Homeowner associations are commonly required by their governing documents to insure common element structures.  This is especially true for condominiums where the association insures the majority of the building structures.

With the passage of time, building codes and ordinances change to reflect new standards in construction.  These changes generally relate to fire safety, structural integrity, and energy efficiency of buildings.  Although buildings are constructed to meet or exceed building codes in effect at the time of their construction, as buildings age they eventually grow outdated and noncompliant with current codes.

After a disaster, associations often face questions such as:

  • What happens if a building is partially damaged by fire, but much of the structure remains undamaged?  Will the association’s insurance pay to demolish the undamaged portion of the building?
  • What if current building codes require that the partially damaged building be demolished rather than rebuilt?
  • What if rebuilding the structure requires the association to install improvements such as a fire prevention sprinkler system not contained in the original building, but now required by law?
  •  Will the association’s insurance only pay to replace the building to its condition prior to the fire, forcing the association to pay for improvements; or will insurance pay to replace the building and bring the structure up to current building codes?

The answer to these questions depends on whether the association purchased an Ordinance and Law endorsement to its property insurance policy.  Ordinance and Law is a type of insurance coverage not typically required by a community association’s governing documents.  In fact, Ordinance and Law is actually three separate types of coverage.  Together, they provide protection for additional expenses resulting from the enforcement of ordinance and law that is triggered when there is covered cause of loss to an insured building, such as fire, tornado or gas explosion.  The three types of coverage are as follows:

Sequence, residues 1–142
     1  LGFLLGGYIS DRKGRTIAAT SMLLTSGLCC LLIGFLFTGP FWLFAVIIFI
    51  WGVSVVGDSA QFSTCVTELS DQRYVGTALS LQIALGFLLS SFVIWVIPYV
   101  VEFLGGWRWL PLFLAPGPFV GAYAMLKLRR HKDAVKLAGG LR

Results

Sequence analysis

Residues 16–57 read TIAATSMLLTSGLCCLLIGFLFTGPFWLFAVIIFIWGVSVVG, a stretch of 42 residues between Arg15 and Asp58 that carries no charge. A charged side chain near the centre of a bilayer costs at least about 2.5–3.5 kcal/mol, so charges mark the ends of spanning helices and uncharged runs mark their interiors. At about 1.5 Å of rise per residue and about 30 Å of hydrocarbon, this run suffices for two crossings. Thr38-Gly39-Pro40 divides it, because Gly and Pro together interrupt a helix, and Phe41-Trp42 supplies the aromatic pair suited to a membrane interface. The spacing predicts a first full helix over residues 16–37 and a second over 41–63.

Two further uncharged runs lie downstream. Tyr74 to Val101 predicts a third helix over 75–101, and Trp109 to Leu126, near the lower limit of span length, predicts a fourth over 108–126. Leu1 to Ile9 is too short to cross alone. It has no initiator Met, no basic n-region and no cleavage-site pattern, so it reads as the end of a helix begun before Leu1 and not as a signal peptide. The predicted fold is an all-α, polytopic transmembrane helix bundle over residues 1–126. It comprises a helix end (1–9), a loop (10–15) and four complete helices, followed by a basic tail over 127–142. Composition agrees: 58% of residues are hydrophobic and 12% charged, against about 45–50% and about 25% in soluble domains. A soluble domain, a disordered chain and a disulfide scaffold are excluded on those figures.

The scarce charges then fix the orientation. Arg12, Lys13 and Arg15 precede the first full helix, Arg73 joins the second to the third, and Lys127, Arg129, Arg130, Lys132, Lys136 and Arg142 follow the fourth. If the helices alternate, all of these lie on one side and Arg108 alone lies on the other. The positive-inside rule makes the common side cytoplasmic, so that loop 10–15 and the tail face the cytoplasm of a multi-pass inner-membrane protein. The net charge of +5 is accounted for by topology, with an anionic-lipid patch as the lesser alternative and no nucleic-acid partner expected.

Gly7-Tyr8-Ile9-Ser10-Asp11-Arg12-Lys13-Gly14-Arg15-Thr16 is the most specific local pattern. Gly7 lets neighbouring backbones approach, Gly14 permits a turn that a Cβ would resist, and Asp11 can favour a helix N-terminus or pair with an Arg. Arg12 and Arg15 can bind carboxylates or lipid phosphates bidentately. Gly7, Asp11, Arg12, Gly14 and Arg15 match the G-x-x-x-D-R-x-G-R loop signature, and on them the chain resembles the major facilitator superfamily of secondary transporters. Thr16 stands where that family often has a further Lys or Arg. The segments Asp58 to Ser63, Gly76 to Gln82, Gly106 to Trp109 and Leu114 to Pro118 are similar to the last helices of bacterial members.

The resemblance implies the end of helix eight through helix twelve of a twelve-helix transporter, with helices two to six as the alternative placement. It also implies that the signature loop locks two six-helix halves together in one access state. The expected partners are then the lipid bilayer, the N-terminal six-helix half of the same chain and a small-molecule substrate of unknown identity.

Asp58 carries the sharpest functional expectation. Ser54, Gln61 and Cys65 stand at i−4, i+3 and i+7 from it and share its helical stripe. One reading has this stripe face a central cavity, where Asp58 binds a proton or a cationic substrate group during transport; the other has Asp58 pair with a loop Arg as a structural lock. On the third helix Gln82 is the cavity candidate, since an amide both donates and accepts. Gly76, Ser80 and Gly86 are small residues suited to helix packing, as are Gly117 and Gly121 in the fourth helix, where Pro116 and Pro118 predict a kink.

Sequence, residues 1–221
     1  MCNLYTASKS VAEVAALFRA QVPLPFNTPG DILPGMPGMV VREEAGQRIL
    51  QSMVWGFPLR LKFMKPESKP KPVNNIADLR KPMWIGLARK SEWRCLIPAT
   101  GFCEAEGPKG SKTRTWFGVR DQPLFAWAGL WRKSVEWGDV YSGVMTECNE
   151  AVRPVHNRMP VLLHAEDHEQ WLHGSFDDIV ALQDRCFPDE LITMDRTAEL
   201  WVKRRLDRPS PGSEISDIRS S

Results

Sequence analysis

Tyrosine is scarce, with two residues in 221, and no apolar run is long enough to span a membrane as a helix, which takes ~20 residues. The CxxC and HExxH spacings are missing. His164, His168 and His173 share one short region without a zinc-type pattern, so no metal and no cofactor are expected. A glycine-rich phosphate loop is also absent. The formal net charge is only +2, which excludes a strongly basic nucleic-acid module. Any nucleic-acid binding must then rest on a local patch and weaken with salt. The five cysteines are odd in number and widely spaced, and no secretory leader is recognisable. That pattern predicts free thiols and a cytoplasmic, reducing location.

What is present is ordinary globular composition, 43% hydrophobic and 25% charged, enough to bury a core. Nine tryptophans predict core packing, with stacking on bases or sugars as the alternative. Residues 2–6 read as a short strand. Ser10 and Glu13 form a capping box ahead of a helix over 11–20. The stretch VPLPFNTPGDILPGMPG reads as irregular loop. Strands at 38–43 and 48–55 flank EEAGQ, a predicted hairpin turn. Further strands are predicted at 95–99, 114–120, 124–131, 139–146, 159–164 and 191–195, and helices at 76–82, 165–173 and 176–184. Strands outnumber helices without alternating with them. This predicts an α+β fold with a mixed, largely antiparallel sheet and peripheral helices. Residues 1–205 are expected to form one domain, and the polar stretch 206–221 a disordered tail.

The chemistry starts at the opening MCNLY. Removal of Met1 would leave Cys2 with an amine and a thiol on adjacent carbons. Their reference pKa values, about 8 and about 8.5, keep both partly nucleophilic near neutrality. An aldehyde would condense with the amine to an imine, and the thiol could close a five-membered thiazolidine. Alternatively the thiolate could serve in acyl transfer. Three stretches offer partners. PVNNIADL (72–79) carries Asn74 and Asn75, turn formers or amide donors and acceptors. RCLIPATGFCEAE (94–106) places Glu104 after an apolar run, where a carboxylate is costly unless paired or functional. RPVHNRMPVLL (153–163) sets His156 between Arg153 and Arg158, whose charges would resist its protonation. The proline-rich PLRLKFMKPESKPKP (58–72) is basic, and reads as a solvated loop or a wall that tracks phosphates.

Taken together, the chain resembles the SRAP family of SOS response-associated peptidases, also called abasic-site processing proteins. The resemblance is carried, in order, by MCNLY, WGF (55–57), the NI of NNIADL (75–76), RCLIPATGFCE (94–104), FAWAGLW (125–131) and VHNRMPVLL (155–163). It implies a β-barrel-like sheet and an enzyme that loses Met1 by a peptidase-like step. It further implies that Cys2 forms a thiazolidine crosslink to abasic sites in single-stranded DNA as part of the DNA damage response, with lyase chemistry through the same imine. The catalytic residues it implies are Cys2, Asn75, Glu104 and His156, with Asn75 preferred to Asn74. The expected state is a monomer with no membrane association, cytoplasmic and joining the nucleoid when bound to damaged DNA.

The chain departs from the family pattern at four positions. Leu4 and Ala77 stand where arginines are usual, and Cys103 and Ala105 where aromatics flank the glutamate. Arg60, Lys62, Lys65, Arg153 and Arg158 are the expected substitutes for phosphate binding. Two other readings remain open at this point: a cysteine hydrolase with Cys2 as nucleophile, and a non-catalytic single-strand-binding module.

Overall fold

Coverage A – Loss to the Undamaged Portion of the Building.  In some jurisdictions, ordinance or law requires that a partially damaged building be demolished (in other words, it becomes a total loss).  Coverage A states that if such ordinance is in place and is enforced by the local authorities, the insurance policy will treat the claim as a total loss even though the building was only partially damaged.

Coverage B – Increased Demolition Cost.  This pays the increased cost to demolish the undamaged portion of the building if you are required by ordinance or law to implement Coverage A.

Coverage C – Increased Cost of Construction. This pays for upgrades required by the enforcement of current ordinance and law.  A good example of a significant upgrade you might be required to make if you had a major fire would be the installation of a fire sprinkler system throughout the building.

Ordinance and Law coverage is specifically excluded by most property insurance policies but can be added by an endorsement for an additional but reasonable premium.  Some insurance carriers do include a small amount of Ordinance and Law coverage in their property coverage to protect the community association.  Therefore, it is important for a community association to evaluate what amount of Ordinance and Law coverage is appropriate, and structure their coverage accordingly.  It is common sense that the older the buildings, the greater the exposure for loss due to changes in local building ordinance and law.

Therefore, it is important for associations, especially aging communities, to evaluate the amount of Ordinance and Law coverage necessary to protect the interests of the community.  We recommend associations review their insurance policies frequently and discuss with their insurance agent and association manager the merits of adding an Ordinance and Law endorsement to the association’s current property policy.

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